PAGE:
We’ve published a Lift module to allow you to talk to Amazon SNS. SNS is Amazon’s pub/sub system, and the module lets you register a function to receive messages from an SNS topic, and send messages to SNS.
The module just gives you the plumbing to send and receive messages, the config is in the project’s README.
Here’s the kind of thing we use it for:
This is all pretty similar to Diego’s approach to a distributed Lift Comet Chat Application.
We don’t actually use it for chat, but multi-user chat in Lift is an easy example to discuss.
Wiring SNS into a comet application
Lift handles the comet plumbing for us, and all we need to do is send a message to an Actor for all of that to be taken care of. But as the slides above indicate, we need to jump in an have those messages go out to SNS. This is how we do that.
LiftActor with a new method which we call
When we say
ChatServer >! Chat("hi") you can see that if SNS is defined, we send the message to the SNS service; otherwise we deliver it as if the call had been made with
The implicit argument in that code means, whenever we call
>! Chat, we’re making the compiler find the class that can serialise that
Chat. Consequently, we can’t accidentally send to SNS something we don’t know how to serialise, because if we tried that, the code wouldn’t compile.
We do this for a bunch of reasons, one of which control over what is sent, but another is to avoid the message (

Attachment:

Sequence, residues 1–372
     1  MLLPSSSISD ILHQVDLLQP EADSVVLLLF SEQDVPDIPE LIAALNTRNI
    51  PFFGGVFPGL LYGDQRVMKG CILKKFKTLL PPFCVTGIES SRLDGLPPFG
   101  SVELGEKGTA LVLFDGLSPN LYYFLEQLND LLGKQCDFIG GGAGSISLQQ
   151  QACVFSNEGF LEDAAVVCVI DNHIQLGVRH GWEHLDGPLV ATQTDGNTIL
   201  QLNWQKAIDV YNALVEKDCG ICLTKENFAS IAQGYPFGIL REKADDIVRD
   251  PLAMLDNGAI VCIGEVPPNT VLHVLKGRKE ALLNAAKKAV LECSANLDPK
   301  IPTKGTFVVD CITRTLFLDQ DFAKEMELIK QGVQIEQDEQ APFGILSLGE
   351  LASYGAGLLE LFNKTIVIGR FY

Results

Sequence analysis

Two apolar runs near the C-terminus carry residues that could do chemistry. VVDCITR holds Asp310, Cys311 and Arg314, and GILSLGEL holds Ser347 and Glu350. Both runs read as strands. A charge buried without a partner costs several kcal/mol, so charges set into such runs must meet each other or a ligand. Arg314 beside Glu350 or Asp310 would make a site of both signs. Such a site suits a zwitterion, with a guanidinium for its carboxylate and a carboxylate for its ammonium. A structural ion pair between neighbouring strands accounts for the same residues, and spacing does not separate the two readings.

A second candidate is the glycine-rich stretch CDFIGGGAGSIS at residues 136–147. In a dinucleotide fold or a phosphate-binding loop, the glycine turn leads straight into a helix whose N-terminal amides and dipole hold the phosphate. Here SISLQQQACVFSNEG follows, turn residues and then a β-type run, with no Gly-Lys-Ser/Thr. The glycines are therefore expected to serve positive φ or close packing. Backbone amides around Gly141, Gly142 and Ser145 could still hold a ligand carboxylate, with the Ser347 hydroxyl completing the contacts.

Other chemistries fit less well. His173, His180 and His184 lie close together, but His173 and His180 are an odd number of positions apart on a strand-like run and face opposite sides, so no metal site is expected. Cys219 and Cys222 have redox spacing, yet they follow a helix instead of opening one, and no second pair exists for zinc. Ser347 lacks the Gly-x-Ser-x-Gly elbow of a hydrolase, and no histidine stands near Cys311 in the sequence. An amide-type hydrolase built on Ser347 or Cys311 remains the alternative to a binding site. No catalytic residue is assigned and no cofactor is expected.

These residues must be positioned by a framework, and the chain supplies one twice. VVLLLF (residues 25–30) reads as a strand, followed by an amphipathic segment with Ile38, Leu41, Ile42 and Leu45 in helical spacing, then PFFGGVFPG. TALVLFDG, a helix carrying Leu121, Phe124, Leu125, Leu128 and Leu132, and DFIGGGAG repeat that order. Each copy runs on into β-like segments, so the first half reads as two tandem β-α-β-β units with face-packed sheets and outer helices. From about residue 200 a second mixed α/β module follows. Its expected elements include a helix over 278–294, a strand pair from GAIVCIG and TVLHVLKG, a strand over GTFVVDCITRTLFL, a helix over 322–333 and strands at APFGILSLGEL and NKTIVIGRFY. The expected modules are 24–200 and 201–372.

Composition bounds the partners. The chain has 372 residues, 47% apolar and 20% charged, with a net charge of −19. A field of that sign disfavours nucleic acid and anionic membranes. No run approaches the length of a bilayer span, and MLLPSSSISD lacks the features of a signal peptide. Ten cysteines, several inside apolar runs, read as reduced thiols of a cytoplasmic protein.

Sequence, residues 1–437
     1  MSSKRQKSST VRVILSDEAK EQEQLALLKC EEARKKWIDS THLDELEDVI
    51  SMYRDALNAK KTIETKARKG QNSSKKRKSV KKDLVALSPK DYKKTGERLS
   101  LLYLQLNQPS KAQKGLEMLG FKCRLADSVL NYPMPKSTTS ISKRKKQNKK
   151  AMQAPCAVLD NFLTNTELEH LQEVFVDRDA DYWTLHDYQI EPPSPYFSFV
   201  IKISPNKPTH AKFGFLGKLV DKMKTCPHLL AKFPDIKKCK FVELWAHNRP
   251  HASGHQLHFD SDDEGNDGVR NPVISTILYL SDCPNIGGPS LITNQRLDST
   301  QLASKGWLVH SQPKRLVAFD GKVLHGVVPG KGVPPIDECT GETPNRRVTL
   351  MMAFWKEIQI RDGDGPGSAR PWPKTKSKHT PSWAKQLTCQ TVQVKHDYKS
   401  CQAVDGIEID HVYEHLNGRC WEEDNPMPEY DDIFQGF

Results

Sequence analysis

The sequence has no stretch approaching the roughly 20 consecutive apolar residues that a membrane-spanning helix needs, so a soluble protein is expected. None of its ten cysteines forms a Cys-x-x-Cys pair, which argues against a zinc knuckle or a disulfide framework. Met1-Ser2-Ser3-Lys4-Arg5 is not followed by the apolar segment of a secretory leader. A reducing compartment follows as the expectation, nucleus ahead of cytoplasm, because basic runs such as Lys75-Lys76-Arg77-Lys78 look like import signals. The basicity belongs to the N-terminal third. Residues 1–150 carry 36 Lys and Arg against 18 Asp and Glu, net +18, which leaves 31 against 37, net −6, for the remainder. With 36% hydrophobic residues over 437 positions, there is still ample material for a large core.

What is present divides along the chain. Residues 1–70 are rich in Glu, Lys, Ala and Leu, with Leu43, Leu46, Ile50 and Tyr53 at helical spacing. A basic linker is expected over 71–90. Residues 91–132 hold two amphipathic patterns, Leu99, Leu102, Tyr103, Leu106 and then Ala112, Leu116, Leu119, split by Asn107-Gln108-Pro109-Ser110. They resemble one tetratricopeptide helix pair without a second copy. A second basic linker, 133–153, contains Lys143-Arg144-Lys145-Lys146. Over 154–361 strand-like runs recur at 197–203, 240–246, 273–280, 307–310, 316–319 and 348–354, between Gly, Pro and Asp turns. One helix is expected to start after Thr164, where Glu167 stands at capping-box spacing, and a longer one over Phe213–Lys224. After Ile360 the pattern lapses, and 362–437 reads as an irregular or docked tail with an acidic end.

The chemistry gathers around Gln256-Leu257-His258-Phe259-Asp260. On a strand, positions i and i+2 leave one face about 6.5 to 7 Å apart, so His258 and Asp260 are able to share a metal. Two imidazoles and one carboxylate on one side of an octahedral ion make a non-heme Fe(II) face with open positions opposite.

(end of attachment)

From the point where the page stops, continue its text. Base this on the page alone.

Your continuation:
Chat) having to know anything about the serialisation mechanism. It’s nothing to do with that class, and we might change out to a different pub/sub backend, and the
Chat class shouldn’t care at all.
This serialisation part is the type class pattern. I may be biased, but I recommend Underscore’s @channingwalton’s example of the type class pattern in Scala.
Here’s how it applies to us:
We’re serialising as JSON, and for Chat there’s really not a lot to pass other than the text of the message. Telling the compile the
ChatFormat object is implicit means it can be used to satisfy the
SNSSerializer requirement on our
The final part is handling the message back from SNS:
That’s the function we register with SNS during
Boot. It’s a bit annoying that the handler duplicates the actor call in your Lift App (the
ChatServer ! Chat(msg) part), but otherwise it all works out OK.
Hope that’s of some use if you’re running with N > 1 servers.